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Posted by on October 2, 2015

The marginalia of your life defines you better than the headlines.

Marginalia.  All those little highlighted phrases?  Notes jotted down in the margins of your Earth Science text from college?  Favorite nicknames with arrows in your school yearbooks?  Words you underlined because you wanted to remember to Google?

Marginalia.  Thoughts that came to you while reading in Proverbs or 1st John.  A powerful quote from Spinoza, say, or Churchill you wanted to add to your quotation library.

Marginalia.  Want to find out where a person’s everyday ideas and thoughts go for walks?  Don’t read their professional stuff.  Check out their sticky notes – especially the little pint-sized 2″ x 1 1/2″ ones you can stick in any book with just the tip showing.

Marginalia is most easily identified as the sticky notes of one’s life.

I just began my 63rd year.  Big deal.  ‘Nother birthday.  So?  Pull up Facebook, find “_______ and _______ have birthdays today”, then click on “write something on ______’s timeline”.  Rattle off some hurried words, bip on POST and you’re outta there.  Few seconds’ worth of faux “as if”.  No big deal.


Unless you were expected to run out of birthdays at 45.  And 49.  And 51.

Then seeing your 63rd one is, well, HEEE-YOOODJE! 

What I’m trying to say is that living when even Medicine says you can’t be is a thing of fulgence.

As a favorite new author, Spencer Quinn, has his canine protagonist often think, “So therefore . . .”

Consider this my deep thanks to so many of you for sending best wishes and God’s blessings over my birthday.  Most of you don’t know it was also my mother’s; she would have been 105.

Your extra words and personal asides brought me joy, laughter, reminiscences and even a few tears.  God never blessed a man more with such enduring friendships as yours.  And though that comes across as plural, I want to make it personal.

A man or woman is known, shaped by those they regularly hang with.  A favorite author and unwitting mentor, Charlie ‘Tremendous’ Jones often said, “You will be the same person in five years as you are today except for the people you meet and the books you read.”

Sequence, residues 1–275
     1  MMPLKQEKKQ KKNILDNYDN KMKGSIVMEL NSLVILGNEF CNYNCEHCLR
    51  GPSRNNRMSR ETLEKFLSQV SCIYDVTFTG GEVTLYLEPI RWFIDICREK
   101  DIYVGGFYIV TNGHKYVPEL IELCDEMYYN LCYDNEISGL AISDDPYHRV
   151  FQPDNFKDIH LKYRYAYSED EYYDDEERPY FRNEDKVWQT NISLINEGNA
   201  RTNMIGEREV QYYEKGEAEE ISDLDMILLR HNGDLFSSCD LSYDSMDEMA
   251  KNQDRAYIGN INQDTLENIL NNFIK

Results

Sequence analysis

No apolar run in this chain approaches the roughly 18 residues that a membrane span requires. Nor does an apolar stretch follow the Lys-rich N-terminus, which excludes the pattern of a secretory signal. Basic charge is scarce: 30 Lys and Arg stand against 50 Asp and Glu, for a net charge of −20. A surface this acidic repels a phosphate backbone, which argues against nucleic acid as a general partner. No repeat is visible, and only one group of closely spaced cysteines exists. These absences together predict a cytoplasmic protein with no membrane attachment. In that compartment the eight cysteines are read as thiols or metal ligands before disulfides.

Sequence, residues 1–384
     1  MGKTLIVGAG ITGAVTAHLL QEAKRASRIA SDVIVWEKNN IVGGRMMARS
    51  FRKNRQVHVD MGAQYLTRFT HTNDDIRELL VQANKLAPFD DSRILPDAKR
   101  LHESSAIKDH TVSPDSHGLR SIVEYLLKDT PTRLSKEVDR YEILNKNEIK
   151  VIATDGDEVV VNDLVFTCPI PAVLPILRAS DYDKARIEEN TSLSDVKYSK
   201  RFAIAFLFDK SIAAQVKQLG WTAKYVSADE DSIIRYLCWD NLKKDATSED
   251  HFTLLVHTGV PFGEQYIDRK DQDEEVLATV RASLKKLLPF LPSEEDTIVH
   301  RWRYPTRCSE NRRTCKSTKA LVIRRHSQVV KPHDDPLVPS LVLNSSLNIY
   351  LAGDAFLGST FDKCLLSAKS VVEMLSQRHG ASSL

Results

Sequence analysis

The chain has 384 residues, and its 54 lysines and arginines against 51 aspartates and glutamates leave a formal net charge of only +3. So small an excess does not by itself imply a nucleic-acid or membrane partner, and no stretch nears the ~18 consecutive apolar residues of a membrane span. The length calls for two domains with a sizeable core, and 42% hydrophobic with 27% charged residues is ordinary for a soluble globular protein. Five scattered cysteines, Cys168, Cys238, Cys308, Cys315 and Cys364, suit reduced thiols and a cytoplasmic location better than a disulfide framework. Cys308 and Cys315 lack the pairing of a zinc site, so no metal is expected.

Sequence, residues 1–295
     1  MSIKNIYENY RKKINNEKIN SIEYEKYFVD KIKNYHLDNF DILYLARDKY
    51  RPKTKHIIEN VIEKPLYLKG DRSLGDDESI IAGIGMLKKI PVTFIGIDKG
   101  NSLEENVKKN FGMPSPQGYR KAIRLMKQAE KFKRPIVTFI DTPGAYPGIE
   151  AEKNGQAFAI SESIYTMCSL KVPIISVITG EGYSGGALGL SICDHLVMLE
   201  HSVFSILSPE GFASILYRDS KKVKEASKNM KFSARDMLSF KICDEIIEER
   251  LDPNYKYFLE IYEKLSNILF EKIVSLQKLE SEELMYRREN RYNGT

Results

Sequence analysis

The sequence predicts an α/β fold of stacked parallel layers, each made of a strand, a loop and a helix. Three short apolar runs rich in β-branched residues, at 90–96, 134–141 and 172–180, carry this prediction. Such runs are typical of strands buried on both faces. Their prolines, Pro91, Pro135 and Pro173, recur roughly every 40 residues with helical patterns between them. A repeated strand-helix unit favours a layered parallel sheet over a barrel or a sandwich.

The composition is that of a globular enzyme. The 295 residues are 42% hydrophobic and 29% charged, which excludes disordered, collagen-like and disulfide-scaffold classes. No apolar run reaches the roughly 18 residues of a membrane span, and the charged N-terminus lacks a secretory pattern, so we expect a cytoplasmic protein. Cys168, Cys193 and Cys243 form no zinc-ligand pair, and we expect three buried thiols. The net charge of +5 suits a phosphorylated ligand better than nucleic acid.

I want you – you personally – to know how knowing you enriches my life.  You are part of the reason I choose to invest my best energy of each day writing:  working this 2nd Cup of Coffee blog, continuing work on books, and trying to keep up with Granger’s adventures with his unforgettable bunch of friends.  His stories often take on a life of their own, which – as the best writers tell me – is when you know you’re actually standing on the doorstep, nerves pinging, knocking on the door of Real Writinghood.

The other reason is that God seems to have kept me here for this activity I’ve come to love.  My internal alarm is set for 0430.  If I’m not careful, I tend to disappear even with family and guests present, only to be found at my keyboard plinking away at this or that project.  I’m told I often get ‘that’ look and immediately start hunting for the nearest pen and paper.  I’ve even been known to ‘work’ through meal times.  If you know my story, you gotta know that’s a big thing.

So.  Thank you for the part you play.  You keep coming back to read more, and you keep forwarding these messages to others, most of whom I’ll never meet this side of God’s Place.

One apology:  I began a series last year, “28 Ways To Absolutely NAIL ‘Tremendous'”.  The bain of writing several projects concurrently is keeping materials separate without losing track of them.  Since I despise sitting with nothing to do, I take a small bag of notebooks, pens and at least one book I’m reading whenever I go out knowing I must wait. 

You’re ahead of me.  As soon as I find my master list, I’ll dig back into finishing that series.  Be vewwy, vewwy quiet while I hunt it down. . .

You can be praying with and for me as I continue organizing thoughts and composing this book about my healing.  My biggest nemesis is distraction – or, more correctly, allowing distractions to frustrate the process.  If you’re a writer, you’ll get this.

Also, Granger had an interesting summer I’ll be telling you about.  I don’t want to give it away, so I’ll just say it might have something to do with a strange coffee container, a headless bear rug, an electric drill and some whipping cream.

Until then . . .  you helped make this a super birthday.  Since I see every fresh 24 hours as a direct gift from God to me, to celebrate 365 of ’em is the bee’s knees!  Thank you!

I love you and I believe in you,


© D. Dean Boone, October 2015

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